Author: Paul Ploumis13 Oct 2014 Last updated at 03:10:21 GMT
(Kitco News) - Gold prices are starting the week on a strong note on the back of a weaker U.S. dollar; however, analysts say they are continuing to keep an eye on last week’s lows.
Electronic trading of Comex December gold futures opened the Sunday North American evening/Monday Asian session at $1,224.80 an ounce, up from Friday's pit close of $1,221.70 an ounce. However, strong buying momentum after the open propelled gold prices higher by more than $6 and so far the yellow metal has managed to hold on to its gains. As of 8:15 p.m. EDT, December gold futures were at $1,231.10 an ounce.
Electronic trading of Comex December silver futures opened Sunday evening/Monday morning at $17.360 an ounce, up from Friday's pit close of $17.303an ounce. Silver prices spiked higher at the open hit a high of $17.680 in the first five minutes of the open. Although prices are down from the session high, they have been trending up and are trading at $17.505 as of 8:17 p.m. EDT.
Eamonn Sheridan, currency strategist at Forexlive.com, said that although the gold market has managed to find new momentum since testing the December low just one week ago, but he is not convinced that the rally will last as the fundamental picture continues to favor the U.S. dollar.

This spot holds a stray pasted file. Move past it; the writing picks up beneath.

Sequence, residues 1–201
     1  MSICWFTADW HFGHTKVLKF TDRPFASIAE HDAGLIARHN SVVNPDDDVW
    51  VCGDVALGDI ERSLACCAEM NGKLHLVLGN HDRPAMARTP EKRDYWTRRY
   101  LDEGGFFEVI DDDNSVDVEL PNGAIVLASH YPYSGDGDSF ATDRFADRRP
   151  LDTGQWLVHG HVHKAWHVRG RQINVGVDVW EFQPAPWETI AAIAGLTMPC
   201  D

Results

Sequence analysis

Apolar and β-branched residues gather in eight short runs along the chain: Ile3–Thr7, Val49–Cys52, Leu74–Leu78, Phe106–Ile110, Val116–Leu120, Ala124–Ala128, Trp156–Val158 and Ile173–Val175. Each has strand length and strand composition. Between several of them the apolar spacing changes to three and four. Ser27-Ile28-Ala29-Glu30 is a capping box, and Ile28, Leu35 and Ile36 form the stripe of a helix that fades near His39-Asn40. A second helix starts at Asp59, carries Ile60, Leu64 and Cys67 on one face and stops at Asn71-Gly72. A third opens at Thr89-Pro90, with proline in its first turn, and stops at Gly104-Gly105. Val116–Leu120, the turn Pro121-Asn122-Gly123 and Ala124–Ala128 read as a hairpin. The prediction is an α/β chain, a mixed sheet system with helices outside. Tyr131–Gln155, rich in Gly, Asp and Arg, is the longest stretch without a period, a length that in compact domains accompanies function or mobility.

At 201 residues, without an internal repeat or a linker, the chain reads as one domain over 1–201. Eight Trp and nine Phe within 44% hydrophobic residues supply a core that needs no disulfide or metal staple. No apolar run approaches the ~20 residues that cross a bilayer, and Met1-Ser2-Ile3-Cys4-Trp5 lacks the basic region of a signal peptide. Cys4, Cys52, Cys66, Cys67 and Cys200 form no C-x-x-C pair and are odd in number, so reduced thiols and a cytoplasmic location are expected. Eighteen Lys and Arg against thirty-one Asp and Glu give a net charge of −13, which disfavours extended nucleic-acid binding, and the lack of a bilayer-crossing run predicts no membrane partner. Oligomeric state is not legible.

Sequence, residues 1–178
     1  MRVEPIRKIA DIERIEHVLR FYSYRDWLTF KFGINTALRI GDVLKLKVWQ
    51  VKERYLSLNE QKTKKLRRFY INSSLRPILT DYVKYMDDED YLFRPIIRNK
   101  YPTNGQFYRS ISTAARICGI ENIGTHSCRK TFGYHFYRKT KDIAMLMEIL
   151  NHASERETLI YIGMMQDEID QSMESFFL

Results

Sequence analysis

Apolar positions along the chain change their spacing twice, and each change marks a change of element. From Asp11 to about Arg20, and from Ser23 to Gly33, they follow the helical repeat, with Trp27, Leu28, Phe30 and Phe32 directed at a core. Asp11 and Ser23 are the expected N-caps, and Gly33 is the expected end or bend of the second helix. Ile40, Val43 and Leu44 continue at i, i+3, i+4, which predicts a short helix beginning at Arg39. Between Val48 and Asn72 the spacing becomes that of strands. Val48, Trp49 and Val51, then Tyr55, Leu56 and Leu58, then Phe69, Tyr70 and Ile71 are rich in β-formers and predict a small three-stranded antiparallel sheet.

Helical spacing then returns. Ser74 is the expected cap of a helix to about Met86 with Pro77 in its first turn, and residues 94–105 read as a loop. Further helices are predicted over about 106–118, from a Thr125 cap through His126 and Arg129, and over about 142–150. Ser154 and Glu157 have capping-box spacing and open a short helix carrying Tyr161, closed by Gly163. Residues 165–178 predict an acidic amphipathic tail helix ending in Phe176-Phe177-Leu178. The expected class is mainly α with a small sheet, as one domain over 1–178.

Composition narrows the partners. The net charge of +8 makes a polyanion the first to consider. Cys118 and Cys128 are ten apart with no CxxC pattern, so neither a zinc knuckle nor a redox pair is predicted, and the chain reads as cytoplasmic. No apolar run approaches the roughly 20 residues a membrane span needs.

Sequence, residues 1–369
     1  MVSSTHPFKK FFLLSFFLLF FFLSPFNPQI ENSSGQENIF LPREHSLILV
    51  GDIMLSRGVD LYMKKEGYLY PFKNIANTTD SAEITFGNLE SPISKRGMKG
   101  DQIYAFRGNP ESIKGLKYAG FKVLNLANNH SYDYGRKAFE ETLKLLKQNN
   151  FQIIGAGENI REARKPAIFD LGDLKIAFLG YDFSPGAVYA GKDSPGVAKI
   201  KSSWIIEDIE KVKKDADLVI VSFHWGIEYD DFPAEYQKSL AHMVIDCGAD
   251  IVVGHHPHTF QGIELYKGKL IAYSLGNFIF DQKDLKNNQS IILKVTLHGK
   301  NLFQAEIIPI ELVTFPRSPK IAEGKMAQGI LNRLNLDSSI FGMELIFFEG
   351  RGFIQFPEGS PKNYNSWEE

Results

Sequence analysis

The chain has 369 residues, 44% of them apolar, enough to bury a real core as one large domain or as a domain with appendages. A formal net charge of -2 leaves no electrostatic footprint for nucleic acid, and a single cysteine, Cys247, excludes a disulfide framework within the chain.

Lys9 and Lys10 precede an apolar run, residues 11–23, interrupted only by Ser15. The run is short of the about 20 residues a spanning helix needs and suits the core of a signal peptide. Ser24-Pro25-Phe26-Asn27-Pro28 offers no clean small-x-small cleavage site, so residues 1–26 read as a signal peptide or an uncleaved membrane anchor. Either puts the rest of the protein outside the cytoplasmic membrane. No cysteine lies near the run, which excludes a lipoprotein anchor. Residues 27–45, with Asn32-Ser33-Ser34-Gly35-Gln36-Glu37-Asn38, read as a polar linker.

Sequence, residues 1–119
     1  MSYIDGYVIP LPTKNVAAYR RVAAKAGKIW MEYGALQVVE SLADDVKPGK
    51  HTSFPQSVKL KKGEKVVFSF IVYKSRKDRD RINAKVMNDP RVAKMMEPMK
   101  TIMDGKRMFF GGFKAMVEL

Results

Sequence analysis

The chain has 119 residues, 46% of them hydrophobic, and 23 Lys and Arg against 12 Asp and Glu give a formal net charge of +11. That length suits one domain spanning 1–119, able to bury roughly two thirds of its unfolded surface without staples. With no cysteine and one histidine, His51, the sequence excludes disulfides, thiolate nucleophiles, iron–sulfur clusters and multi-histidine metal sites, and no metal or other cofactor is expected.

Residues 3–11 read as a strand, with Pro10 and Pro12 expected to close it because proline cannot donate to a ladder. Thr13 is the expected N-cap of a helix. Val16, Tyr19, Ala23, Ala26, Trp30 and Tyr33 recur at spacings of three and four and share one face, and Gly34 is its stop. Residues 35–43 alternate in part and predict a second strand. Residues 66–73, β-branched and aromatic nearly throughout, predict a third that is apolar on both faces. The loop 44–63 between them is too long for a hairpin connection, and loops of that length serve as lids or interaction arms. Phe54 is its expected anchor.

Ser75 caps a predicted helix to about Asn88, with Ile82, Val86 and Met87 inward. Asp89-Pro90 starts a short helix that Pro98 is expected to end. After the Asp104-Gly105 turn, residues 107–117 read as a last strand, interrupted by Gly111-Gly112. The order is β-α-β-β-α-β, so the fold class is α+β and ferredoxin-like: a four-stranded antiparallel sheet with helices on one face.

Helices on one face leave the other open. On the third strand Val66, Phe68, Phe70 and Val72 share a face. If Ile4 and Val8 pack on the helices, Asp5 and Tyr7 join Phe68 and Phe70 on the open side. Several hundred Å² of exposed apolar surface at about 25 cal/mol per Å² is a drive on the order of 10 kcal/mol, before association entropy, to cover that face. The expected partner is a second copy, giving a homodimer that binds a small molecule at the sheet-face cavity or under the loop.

Sheridan added that he still likes to sell rallies in the gold market.
“We are a good way from $1,180 and gold probably has a little more legs to run to $1,250 but yeah I like to sell rallies,” he said.
Sheridan said that he thinks last week’s selloff in the U.S. dollar, following more-dovish-than-expected minutes of the September Federal Open Market Committee meeting, was the result of position and not a shift in the fundamental outlook.
“I think you still have to expect that rate hikes are coming,” he said. “The minutes show that they might have been put off for a few extra months and markets are just re-pricing. I’m just not sold on a weaker U.S. dollar.”
Sheridan added that the European economy continues to teeter on the edge of a recession and the fundamental picture is to still sell the euro, which would lead to a stronger U.S. dollar and weaker gold prices.
Although the gold market still has some challenges to face, analysts at HSBC noted that they have seen a pickup in demand from Asian markets, which will be key to the market’s recovery.
“Bullion’s premium on the Shanghai Gold Exchange, a gauge on Chinese physical demand, stood at $4/oz and indicated greater interest from the Far East,” they wrote in Friday’s research report.
The analysts also noted that outflows from gold-backed exchange-traded funds continue to be a drag on the market. According to data collected by Bloomberg, they said that global ETFs are down 630,000 ounces since the start of the month.
Courtesy: Kitco News